“The Fall of Man” by Dutch painter Hendrik Goltzius. (Courtesy of the National Gallery of Art.)

This week marks the eye-catching opening of the Bunyadi, London’s hugely publicized “naked restaurant.”

That’s right, this new restaurant allows patrons to dine in the nude — and in historically prudish Great Britain, no less! Stripping away the country’s old fuddy-duddy reputation, the British restaurant is proving remarkably popular: More than 40,000 people are presently on the waiting list (Victorian morality be damned).

In an interview with Bunyadi founder Seb Lyall, The Guardian uncovered some interesting tidbits about the place.

Here are three important things to know:

1. Not everyone will be naked.
The waitstaff and the cooks will wear some type of clothing. For the cooks, there are issues of health and safety. For the servers, well, it’s really more about keeping the customers comfortable. “For logistical reasons, our waiting staff will be covering their bits and bobs,” Lyall told the paper. “If you’re sitting and someone is serving you, the height of your face and certain parts of their bodies is kind of the same. It’s something that didn’t occur to us at first, but a customer pointed it out in an email.”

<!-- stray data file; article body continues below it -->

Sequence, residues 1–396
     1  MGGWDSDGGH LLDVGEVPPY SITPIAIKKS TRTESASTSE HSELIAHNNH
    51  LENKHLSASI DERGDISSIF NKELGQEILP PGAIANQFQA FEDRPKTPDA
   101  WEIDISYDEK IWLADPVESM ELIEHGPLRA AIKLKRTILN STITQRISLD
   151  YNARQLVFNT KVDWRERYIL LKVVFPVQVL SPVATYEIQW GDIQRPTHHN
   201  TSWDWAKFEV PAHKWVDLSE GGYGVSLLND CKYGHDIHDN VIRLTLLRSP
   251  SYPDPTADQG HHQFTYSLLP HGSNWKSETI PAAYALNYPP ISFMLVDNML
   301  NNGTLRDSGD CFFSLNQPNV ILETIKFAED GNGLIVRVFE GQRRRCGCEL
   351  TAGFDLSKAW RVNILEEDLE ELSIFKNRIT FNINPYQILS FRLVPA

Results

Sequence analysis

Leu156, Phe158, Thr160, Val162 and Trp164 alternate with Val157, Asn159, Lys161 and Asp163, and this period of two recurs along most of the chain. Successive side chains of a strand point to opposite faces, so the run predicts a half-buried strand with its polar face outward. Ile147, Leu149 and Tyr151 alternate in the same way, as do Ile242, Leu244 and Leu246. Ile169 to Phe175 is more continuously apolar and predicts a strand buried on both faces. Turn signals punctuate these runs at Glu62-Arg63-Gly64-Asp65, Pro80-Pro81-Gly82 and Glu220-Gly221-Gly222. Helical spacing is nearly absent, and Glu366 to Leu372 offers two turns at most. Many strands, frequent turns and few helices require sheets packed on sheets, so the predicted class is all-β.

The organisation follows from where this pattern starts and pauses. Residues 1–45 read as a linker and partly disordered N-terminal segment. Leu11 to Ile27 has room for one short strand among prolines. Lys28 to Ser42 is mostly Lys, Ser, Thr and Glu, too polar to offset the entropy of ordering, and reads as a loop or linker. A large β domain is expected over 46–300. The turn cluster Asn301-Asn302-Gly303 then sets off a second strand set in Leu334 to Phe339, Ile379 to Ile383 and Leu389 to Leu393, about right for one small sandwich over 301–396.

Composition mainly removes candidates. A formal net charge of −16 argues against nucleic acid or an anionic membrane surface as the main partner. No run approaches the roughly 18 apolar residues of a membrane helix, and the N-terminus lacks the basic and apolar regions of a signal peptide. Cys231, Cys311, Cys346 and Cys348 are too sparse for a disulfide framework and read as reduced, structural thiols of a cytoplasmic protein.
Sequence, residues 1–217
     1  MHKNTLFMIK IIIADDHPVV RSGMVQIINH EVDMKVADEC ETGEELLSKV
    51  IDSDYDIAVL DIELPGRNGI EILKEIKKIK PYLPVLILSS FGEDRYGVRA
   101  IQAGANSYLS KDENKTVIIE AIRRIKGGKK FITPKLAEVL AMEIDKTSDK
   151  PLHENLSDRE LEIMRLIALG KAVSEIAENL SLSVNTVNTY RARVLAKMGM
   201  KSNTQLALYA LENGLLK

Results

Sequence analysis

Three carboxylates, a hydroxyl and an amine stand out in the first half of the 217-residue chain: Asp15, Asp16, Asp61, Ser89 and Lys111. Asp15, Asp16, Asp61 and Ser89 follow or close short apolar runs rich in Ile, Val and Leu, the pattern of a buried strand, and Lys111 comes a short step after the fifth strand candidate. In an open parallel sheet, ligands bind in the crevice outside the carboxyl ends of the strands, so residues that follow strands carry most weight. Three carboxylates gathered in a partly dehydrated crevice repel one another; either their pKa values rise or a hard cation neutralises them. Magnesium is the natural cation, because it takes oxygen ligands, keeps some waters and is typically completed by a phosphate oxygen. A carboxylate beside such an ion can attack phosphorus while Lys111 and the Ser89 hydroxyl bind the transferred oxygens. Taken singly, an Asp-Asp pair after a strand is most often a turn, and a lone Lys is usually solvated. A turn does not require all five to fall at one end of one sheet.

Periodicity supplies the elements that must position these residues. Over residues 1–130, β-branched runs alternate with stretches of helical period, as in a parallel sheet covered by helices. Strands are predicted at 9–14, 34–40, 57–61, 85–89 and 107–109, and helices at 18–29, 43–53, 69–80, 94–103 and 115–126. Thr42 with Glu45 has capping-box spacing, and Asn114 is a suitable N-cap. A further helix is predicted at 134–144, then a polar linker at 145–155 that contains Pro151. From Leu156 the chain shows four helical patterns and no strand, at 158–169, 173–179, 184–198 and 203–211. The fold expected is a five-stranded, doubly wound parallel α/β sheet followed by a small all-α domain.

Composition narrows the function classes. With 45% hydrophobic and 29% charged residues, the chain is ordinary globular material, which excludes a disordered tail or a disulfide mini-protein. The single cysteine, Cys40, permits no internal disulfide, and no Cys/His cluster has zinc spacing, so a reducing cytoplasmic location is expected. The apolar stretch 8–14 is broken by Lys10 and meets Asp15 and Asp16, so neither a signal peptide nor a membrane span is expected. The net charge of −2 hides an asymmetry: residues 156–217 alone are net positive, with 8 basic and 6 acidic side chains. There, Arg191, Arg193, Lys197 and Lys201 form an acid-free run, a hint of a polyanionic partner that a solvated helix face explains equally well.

2. Seating arrangements are more sanitary than you might think.
Perhaps unsurprisingly, the cleanliness of the restaurant’s chairs is a common concern. “[W]e got a lot of guests asking: ‘Is it going to be hygienic for me to sit naked on a seat that someone else has been nude on?’” Lyall admitted. No need to bring your own seat covers, however. As Lyall pointed out, “you will be sitting on a gown, which is effectively a cushion.”

3. It’s just like eating at home.
At least that’s how Lyall sees it: “People eat naked anyway. A lot of people eat naked sitting at home. The only new thing is convincing them to do it in public.” Such a statement would seem to say a lot about the proprietor’s own home life. As for the rest of the British dining public, we’re not so sure.